aving lived in downtown Halifax for four years, voting for the incumbent councillor in the district last election, Craig Roy says he hasn’t seen the changes he expected. So this time around, he’s running for council himself. “Instead of sitting around and bellyaching about the fact that nothing is getting done, I’m gonna step in and ensure that things get done,” says the candidate for District 7 (Halifax South Downtown).
Roy has a background in human resources with the Nova Scotia government, and wants to make things better in his district “with safer streets, parks, parking and designated bus lanes.”
An activist and volunteer with the provincial government’s Pride Nova Scotia Network, Roy wants to attract more diversity and inclusion to the neighbourhood, promote small businesses and industries, honour the heritage and history of the city and support the arts sector.
He says members of his district have complained about the lack of affordable housing downtown, and to him the backyard suites recently approved by council do not resolve the housing crisis. “They’re not long-term suites. They’re something that people could rent for the weekend or maybe a month.” Instead, he thinks developers need to be offered incentives so “when they build their duplexes, they have a minimum number of units that are available and will remain available for affordable housing.”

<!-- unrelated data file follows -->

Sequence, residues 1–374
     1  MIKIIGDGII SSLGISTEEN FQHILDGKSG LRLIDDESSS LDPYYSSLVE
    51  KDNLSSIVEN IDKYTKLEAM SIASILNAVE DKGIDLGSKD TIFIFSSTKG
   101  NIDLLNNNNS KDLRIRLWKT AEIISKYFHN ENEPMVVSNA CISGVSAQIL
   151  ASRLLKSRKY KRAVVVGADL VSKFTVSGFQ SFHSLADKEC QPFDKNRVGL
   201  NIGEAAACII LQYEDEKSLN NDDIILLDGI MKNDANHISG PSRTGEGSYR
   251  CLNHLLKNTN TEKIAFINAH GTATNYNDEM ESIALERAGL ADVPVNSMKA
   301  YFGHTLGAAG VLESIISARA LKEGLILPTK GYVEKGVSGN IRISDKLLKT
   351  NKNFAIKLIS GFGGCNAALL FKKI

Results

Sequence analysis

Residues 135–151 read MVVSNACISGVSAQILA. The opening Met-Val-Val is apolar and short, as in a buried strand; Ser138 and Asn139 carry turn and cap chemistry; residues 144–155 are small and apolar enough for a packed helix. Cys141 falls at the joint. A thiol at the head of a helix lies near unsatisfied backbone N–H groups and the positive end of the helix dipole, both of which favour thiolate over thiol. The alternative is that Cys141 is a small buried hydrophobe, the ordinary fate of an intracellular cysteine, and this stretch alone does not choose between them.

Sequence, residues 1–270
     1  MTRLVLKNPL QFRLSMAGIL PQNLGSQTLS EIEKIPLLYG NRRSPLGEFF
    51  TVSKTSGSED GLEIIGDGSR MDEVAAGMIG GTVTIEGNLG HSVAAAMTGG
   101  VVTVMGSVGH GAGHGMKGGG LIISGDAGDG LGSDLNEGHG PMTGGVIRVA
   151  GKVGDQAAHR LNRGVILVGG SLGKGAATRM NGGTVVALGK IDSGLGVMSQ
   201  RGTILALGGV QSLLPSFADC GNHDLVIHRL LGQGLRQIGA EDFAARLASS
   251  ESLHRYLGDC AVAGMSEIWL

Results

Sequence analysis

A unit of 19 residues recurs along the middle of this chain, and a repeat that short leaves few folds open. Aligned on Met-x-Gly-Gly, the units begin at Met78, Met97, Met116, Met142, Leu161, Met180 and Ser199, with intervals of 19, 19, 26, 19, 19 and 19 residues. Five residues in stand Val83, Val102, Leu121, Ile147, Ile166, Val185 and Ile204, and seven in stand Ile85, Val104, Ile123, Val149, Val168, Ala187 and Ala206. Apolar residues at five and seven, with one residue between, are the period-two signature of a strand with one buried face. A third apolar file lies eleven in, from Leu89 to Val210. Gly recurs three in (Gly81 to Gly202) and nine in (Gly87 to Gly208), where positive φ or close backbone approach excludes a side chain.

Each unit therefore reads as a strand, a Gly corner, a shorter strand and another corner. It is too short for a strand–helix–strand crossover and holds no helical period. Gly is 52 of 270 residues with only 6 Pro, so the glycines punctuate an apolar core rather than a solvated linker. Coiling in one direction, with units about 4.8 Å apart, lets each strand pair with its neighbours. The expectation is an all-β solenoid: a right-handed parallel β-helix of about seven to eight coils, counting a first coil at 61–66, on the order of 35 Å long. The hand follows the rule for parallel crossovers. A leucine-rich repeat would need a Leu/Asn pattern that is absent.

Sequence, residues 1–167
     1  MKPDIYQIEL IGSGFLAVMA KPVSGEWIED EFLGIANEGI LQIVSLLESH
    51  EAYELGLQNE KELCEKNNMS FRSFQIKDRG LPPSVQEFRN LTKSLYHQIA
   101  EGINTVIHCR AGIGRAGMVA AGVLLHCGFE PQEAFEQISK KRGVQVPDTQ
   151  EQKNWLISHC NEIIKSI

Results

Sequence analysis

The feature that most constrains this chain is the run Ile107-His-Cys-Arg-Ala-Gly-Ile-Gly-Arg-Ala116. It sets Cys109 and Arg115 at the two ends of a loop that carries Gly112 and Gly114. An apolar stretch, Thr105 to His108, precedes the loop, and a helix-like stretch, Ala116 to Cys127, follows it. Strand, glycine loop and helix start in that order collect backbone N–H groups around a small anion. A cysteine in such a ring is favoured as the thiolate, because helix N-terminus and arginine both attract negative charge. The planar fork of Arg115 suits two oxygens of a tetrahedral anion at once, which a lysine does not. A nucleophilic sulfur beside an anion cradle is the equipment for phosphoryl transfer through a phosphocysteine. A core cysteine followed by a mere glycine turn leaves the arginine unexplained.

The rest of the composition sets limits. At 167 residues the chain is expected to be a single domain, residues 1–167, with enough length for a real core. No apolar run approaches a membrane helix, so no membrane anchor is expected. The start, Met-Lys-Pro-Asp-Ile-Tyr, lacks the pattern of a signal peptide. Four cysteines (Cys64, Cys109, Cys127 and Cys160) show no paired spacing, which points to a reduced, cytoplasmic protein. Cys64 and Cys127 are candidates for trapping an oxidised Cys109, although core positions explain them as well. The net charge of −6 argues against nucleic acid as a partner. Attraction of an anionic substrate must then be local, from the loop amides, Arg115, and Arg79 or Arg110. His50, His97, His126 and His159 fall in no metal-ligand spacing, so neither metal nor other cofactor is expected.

Roy also wants to change the current biking situation in the district. He says the concrete slabs on the side of the roads for bikers should be removed, because they need constant maintenance. “The street that’s painted is enough indication, I believe, for the one percent of bike users.” He also thinks that the bike lanes in different communities need to be connected together. “You have a bike lane in one street, and not another that it connects to. It makes no sense.”
Roy’s ready to be a voice and fight for his constituents’ needs if he’s elected. “I’m not a person who takes no for an answer.”